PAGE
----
Dr. Joe Rubino, D81
Vision Works Publishing

This latest book by personal-development trainer and life-changing success coach Dr. Joe Rubino is a guide to re-establishing self-image. He takes the reader step-by-step through exercises, including the “12 steps to restoring your self-esteem,” which include uncovering the source of lack of self-esteem, discovering the secret to reclaiming personal power and an upset-free life, and creating a vision of “no regrets.”
The Story of Metal Trading
Peter Marc Waszkis, A84, G85, and Helmut Waszkis
Metal Bulleting Books Ltd

With his father, Helmut, Peter Marc Waszkis chronicles the development of the metal trading profession from man’s first discovery of metal some 8,000 years ago to today’s modern global trade. Starting with the history of how traders facilitated the making of bronze, the book follows the development of the metal trading profession from Greeks mining silver to the early German lead and silver merchants to the start of the Industrial Revolution by metal traders.
Great Neck
Jay Cantor
Random House

English professor Jay Cantor’s newest novel, Great Neck, tells the story of a group of friends growing up idealistic, radical, and romantic in the 1960s and ’70s. The novel brings the reader inside privileged Long Island childhoods, into the churches, juke joints, and jails of Mississippi, and the underground meetings and protest marches fueled by a potent mix of sex, politics, and drugs. A story of members of a generation who sometimes saw themselves as superheroes.

Freedom Evolves

Daniel C. Dennett
Viking Press

Daniel Dennett, University Professor and Austin B. Fletcher Professor of Philosophy, has played a major role in expanding the understanding of consciousness, developmental psychology, and evolutionary theory. In Freedom Evolves, he explains how evolution is the key to resolving the ancient problems of moral and political freedom. According to Dennett, biology provides the perspective from which we can distinguish the varieties of freedom that matter. Here is the story of how we came to be different from all other creatures, how our early ancestors mindlessly created human culture, and how culture gave us our minds, our visions, our moral problems—in a nutshell, our freedom.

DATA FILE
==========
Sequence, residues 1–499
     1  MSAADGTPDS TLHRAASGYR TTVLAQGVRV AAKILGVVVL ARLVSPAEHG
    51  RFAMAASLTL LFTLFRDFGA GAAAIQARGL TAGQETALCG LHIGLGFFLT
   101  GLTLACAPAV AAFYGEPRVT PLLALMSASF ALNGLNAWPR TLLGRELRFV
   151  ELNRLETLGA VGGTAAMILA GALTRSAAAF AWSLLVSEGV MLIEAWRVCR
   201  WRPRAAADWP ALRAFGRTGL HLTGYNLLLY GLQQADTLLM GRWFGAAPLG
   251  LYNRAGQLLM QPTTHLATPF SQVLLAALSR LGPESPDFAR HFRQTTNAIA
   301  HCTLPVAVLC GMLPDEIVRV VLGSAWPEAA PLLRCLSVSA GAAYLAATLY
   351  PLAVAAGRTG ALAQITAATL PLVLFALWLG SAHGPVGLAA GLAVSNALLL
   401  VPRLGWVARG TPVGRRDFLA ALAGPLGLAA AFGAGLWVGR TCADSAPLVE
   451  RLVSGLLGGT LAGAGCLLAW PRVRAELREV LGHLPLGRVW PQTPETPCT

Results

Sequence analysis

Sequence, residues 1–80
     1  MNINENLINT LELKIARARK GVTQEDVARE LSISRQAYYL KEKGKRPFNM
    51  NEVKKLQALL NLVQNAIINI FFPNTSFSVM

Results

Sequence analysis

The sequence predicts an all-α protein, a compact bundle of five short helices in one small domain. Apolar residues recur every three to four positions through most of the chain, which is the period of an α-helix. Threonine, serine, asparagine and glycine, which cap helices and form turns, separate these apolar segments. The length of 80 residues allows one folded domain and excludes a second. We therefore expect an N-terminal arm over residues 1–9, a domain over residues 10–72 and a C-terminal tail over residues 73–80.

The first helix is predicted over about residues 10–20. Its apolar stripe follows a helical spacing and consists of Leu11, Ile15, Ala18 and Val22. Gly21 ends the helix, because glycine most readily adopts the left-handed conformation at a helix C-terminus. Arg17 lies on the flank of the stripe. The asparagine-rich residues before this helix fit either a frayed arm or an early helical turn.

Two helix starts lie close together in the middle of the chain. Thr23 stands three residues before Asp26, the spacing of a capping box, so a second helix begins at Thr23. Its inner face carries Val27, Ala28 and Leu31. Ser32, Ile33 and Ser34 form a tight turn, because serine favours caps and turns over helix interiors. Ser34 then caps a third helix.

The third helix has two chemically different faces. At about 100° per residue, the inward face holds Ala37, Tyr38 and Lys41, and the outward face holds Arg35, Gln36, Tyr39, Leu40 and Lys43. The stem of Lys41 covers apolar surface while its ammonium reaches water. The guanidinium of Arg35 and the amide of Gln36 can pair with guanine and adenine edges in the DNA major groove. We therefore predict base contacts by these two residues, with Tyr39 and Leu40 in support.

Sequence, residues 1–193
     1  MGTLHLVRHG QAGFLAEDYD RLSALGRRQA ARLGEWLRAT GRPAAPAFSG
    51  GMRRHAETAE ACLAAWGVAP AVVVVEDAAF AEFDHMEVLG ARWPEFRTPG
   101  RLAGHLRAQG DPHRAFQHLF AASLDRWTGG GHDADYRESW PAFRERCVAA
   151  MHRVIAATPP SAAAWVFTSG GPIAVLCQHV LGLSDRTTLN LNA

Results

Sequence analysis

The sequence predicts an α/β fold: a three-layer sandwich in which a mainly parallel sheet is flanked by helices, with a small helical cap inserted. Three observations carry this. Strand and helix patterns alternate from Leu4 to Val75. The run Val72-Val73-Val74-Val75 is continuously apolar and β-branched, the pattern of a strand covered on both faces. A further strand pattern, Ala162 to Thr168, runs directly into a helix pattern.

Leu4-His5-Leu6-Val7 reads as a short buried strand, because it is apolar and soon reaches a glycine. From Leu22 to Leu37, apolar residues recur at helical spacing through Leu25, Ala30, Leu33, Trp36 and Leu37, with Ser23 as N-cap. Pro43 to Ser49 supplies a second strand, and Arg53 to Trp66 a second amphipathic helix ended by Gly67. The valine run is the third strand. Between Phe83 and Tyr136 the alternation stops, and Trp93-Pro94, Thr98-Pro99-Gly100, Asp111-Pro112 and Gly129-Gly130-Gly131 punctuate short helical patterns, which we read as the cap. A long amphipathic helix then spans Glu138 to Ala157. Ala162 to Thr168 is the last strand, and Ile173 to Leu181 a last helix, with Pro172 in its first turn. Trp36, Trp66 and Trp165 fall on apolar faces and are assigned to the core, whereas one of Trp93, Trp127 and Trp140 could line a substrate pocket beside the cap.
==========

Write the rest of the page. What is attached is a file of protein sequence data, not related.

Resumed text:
Eating Apes
Dale Peterson
The University of California Press

English lecturer Dale Peterson exposes a disturbing secret: the looming extinction of humanity’s closest relatives, the African great apes—chimpanzees, bonobos, and gorillas. He details how, with the unprecedented opening of African forests by European and Asian logging companies, the traditional consumption of wild-animal meat in Central Africa has suddenly exploded in scope and impact, moving from what was recently a subsistence activity to an enormous and completely unsustainable commercial enterprise. Supported by color photographs, Eating Apes documents the when, where, how, and why of this rapidly accelerating disaster.